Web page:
State Senate advances 'sunshine' measure on campaign ads

State Senate advances 'sunshine' measure on campaign ads
California Senate President Pro Tem Darrell Steinberg (D-Sacramento), right, and Sen. Alex Padilla (D-Pacoima) confer. (Steve Yeater / AP)

Following the lead of Los Angeles, state lawmakers have given initial approval to a requirement that candidates for state office provide copies of all campaign mailers and television and radio ads for posting on a state website within 24 hours so the public can review them.

The proposal was made by state Sen. Alex Padilla (D-Pacoima) and approved in a bipartisan two-thirds vote by the state Senate on Thursday as one response to the scandals involving three senators.

Padilla noted that a similar program was begun 15 years ago by the city of Los Angeles Ethics Commission and that website  is getting 26,000 hits per month.

"Clearly there is an appetitie from the public to view these campaign communications," Padilla told his colleagues.

The postings, which would also include slate mailers and ads  by campaign committees separate from candidates, allow voters to see who is paying to sway elections and what their messages are. In Los Angeles, that has disclosed when a candidate sent one message to Democratic voters and another to Republicans. The site also helps the press monitor campaign communications for swifter identification of mailers that are misleading.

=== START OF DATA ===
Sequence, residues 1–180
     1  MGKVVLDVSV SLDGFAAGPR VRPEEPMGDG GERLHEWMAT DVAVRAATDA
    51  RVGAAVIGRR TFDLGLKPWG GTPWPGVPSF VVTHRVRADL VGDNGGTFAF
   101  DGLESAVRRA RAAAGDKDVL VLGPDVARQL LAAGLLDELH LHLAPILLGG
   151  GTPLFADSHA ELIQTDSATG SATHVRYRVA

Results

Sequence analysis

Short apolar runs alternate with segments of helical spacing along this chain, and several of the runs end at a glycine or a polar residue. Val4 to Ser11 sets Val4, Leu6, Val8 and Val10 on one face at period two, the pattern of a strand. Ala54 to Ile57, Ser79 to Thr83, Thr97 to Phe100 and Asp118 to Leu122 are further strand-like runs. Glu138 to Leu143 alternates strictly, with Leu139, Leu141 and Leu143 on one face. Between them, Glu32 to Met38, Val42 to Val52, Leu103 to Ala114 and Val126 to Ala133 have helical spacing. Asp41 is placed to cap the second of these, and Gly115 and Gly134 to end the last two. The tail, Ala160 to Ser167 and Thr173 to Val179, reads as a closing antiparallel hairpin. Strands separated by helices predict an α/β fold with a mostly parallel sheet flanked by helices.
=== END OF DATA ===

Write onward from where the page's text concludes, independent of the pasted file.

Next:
The proposal is one of several made this year to provide more "sunshine" on campaigns following the March suspension of Democratic state Sens. Leland Yee, Ronald S. Calderon and Roderick Wright, who all are fighting criminal charges. Wright is appealing a jury’s guilty verdict on eight felony counts involving lying about living in his Senate district.

Because the state database would have to be upgraded, Padilla agreed to delay implementation until July 1, 2017. The secretary of state's office said the upgrade and operation of the system would cost $3 million, but Padilla, who is a candidate for secretary of state, said Los Angeles recently sold a copy of its system to Long Beach for $30,000.

"I do believe the $3 million figure is a lot higher than it has to be," Padilla said.

Meanwhile, the state Senate on Thursday approved two other ethics measures, both by Sen. Norma Torres (D-Pomona) and in response to corruption allegations against officials in San Bernardino County.

SB 950 would extend the statute of limitations for charging public officials with bribery from three years from the act to three years from the act’s discovery, allowing more cases to be pursued. SB 952 would expand criminal penalties to private citizens who aid or abet the receipt of a bribe by a public official. All three measures now go to the Assembly for consideration.